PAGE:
Sunday 28th December

| BY 10Magazine

Craig Green The Travelling Man

It’s seems strange to call a designer an “outsider” when they’re so popular with the fashion press. The wider media jumped on the opportunity to lampoon Craig Green’s first collection for autumn/winter 2013 with its clusters of wooden wreckage about the face. But those who actually know what they’re talking about, reflected more accurately on the fact that it was so hard to tear your eyes away from his creations, immediately labelling him the “one to watch”.

This “outsider” quality can by no means be applied to Green as a person. Having known him since I was 19, you could say I’m biased in this outlook, though I’d invite you to find a single interview in which he’s anything other than warm and brilliantly matter-of-fact. Including a SHOWstudio film in which he claims to be “rubbing his hands to blood” with nerves. What he does stand outside of – as his slight uncertainty in this setup attests – is a new social-media-fuelled age in which a designer’s own character is becoming as much of a selling point for their label as the actual clothes they create. Green’s practice is conducted behind closed doors with an intimate group of recurring collaborators. In their often backbreakingly determined collective effort, and propensity to dress the same, they reflect the major leitmotifs of community and uniform that continue to inform his collections. You might think that Green and I being friends makes the task of uncovering the reasons for these threads of interest an eyes-closed process. But with Green it’s clear these run deeper than the point of our first meeting at Central Saint Martins, to his upbringing in the suburbs of north London.

VINCENT LEVY: “Hi Craig. I’m interviewing you again. Are you bored of this yet?”

CRAIG GREEN: “Yes very. Especially on a Sunday. No, it’s just a bit strange because we talk about everything anyway.”

VINCENT LEVY: “It’s probably quite strange for your family and friends to read about you more and more. I came across a film about you earlier. There was a massive projection of your face with a panel of people talking on top of it. It looked like a wake.”

CRAIG GREEN: “Haha.”

VINCENT LEVY: “So, how was your trip to Paris? I always think it’s a bit of a museum at first. You have to know people there for it to open up.”

CRAIG GREEN: “I’ve begun to love Paris because I go for work. I’d choose a work trip over a holiday these days. It’s boring just wondering around, going to restaurants.”

VINCENT LEVY: “You would rather work than have a holiday? That’s fucked up. I’m asking about travel, because I wondered how much coming from London, and the suburbs especially, has affected the designer you’ve become?”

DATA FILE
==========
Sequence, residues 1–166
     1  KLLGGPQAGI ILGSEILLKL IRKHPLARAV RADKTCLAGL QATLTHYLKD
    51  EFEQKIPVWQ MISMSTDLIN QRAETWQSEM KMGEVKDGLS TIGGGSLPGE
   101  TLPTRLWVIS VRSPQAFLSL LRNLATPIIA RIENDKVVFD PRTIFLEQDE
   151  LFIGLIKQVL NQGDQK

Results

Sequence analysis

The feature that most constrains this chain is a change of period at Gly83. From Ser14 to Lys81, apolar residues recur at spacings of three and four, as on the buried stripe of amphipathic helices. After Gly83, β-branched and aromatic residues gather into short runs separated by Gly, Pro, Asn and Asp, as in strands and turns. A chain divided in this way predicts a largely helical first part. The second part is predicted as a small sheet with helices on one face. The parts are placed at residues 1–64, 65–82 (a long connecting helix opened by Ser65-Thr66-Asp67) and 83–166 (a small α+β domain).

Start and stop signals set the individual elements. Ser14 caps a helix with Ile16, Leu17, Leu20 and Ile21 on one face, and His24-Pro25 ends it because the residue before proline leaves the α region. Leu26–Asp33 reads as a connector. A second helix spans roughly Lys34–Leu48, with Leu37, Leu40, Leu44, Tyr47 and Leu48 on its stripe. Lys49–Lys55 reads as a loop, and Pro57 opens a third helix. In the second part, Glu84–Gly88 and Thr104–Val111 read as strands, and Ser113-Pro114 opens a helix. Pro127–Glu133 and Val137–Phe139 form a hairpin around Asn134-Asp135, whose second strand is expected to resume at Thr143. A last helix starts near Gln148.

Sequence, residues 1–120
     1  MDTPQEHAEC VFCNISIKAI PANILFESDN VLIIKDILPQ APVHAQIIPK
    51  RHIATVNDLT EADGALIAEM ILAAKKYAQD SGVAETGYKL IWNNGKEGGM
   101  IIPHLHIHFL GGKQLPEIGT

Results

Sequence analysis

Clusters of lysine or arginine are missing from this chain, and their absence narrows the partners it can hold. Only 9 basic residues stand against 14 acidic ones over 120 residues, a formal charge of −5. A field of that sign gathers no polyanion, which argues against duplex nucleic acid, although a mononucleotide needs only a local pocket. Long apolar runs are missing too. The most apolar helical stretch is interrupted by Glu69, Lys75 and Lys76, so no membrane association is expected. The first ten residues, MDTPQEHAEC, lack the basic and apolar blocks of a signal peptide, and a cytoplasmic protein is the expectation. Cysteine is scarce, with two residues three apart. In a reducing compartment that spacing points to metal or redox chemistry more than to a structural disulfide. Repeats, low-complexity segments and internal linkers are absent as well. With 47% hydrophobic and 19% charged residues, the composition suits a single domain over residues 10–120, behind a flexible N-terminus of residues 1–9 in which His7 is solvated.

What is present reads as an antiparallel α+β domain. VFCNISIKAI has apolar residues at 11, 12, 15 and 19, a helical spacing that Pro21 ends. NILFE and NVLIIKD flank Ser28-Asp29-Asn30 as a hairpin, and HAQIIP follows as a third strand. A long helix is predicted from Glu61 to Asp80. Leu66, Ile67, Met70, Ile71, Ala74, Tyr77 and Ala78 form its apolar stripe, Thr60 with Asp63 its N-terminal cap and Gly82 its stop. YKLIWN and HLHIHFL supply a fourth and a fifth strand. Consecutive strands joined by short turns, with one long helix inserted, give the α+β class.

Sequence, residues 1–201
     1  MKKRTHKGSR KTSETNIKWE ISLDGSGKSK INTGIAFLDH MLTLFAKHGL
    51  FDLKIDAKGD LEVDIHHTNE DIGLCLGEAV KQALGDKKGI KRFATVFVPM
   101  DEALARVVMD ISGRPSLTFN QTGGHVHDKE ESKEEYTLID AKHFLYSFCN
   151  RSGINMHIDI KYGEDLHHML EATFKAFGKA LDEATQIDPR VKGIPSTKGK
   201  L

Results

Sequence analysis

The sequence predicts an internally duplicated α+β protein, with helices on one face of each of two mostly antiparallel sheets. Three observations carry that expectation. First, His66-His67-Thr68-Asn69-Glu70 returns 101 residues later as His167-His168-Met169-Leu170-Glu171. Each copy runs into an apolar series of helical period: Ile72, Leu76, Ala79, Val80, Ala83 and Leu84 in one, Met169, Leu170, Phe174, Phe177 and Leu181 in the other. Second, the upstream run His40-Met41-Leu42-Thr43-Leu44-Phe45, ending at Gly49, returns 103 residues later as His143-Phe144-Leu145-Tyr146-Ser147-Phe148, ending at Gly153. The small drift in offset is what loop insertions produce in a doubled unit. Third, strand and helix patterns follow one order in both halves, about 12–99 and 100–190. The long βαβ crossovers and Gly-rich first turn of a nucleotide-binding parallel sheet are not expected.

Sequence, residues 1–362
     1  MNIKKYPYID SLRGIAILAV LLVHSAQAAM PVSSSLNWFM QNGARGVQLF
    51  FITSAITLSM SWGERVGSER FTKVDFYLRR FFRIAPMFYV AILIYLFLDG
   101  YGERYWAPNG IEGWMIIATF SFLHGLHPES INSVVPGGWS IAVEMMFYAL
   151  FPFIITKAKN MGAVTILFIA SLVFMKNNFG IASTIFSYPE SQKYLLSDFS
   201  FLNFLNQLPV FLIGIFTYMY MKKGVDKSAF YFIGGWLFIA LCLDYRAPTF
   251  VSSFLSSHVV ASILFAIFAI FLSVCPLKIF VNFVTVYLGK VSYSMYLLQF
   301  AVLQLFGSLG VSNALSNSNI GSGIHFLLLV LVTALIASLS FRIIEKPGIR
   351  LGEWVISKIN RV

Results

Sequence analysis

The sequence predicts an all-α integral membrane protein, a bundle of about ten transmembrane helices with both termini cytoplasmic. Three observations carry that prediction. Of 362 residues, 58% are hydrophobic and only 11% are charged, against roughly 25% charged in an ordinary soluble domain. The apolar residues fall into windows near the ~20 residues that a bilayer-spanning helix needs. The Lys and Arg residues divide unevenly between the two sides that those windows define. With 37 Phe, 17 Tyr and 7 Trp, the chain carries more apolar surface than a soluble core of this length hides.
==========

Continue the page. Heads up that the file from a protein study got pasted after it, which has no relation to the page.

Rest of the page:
CRAIG GREEN: “I suppose suburbia has got that kind of sombre, slightly strange, private emotion you might get in some of my work.”

VINCENT LEVY: “How would you describe where you grew up in Hendon?”

CRAIG GREEN: “Insular. Everyone knows everyone. There are people there who have known me since I was born there, and my mum since I was born there.  Actually, I found out recently that Adrian Joffe is from Hendon.”

VINCENT LEVY: “Shut up.”

CRAIG GREEN: “He’s from Brent Street. He went to the same school as me. How weird is that? We were chatting about it at London show ROOMS and realised. Hendon is funny. I do feel drawn to staying here in some way.”

VINCENT LEVY: “Aren’t people who grow up in suburbia, who are interested in art, design, music, whatever, usually wanting to go off in search of bigger and better things?”

CRAIG GREEN: “I’ve just always felt there are amazing things here, too. Maybe in a less-obvious way. Like, I really like Brent Cross Shopping Centre. It’s full of weirdos, but I quite like it.”

VINCENT LEVY: “When was it built? In the 1960s or 1970s?”

CRAIG GREEN: “My mum was born in 1959 and went there as a kid. I reckon 1970. It was the first indoor shopping centre in Europe, I think. It used to be countryside down there. My grandmother lived there and they kept chickens and cattle. It was basically farmland, and now it’s the motorway wrapping round Brent Cross. I don’t know why I find all these dull things so bloody interesting.”

VINCENT LEVY: “You grew up around builders. What’s your first memory of making something?”